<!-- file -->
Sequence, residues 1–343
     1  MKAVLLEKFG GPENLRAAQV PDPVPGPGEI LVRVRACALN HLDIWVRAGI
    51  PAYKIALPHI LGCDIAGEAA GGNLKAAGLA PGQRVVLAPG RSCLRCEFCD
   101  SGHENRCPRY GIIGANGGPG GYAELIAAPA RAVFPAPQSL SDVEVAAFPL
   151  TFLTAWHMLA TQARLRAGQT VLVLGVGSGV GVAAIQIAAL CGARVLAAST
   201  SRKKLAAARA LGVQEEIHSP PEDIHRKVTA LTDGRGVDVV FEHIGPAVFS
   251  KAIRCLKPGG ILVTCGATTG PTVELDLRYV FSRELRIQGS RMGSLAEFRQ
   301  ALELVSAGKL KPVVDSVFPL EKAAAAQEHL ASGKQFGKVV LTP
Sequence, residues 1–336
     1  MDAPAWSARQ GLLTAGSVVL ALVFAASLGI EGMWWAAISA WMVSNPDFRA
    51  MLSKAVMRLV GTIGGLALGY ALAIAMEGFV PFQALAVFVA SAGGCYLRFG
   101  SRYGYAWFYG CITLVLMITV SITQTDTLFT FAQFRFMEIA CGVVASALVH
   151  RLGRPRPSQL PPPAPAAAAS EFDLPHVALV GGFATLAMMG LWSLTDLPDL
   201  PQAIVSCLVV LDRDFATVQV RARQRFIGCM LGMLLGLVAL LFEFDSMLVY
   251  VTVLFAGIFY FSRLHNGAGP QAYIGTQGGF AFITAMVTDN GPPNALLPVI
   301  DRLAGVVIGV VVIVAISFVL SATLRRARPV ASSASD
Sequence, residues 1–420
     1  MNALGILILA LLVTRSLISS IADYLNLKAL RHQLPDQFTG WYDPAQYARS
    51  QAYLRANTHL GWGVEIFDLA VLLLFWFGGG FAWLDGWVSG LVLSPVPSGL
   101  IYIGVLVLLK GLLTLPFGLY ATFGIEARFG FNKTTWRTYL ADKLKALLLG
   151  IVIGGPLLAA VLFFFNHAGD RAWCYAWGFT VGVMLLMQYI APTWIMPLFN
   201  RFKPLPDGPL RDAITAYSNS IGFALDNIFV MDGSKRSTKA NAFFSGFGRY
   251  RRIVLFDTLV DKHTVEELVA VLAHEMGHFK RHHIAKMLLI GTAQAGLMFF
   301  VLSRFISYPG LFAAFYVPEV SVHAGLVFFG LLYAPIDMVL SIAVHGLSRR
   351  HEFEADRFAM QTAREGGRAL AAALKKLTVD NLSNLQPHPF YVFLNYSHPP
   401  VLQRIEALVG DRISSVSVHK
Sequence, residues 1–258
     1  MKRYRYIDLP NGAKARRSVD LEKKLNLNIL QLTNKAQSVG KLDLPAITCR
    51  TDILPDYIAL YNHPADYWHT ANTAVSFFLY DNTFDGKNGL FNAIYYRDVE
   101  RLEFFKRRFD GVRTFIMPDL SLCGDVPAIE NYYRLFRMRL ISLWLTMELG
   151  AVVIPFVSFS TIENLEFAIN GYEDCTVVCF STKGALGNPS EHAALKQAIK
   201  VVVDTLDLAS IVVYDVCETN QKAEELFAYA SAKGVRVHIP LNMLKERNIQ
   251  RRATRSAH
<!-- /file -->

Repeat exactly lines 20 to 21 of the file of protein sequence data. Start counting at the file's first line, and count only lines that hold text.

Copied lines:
   101  IYIGVLVLLK GLLTLPFGLY ATFGIEARFG FNKTTWRTYL ADKLKALLLG
   151  IVIGGPLLAA VLFFFNHAGD RAWCYAWGFT VGVMLLMQYI APTWIMPLFN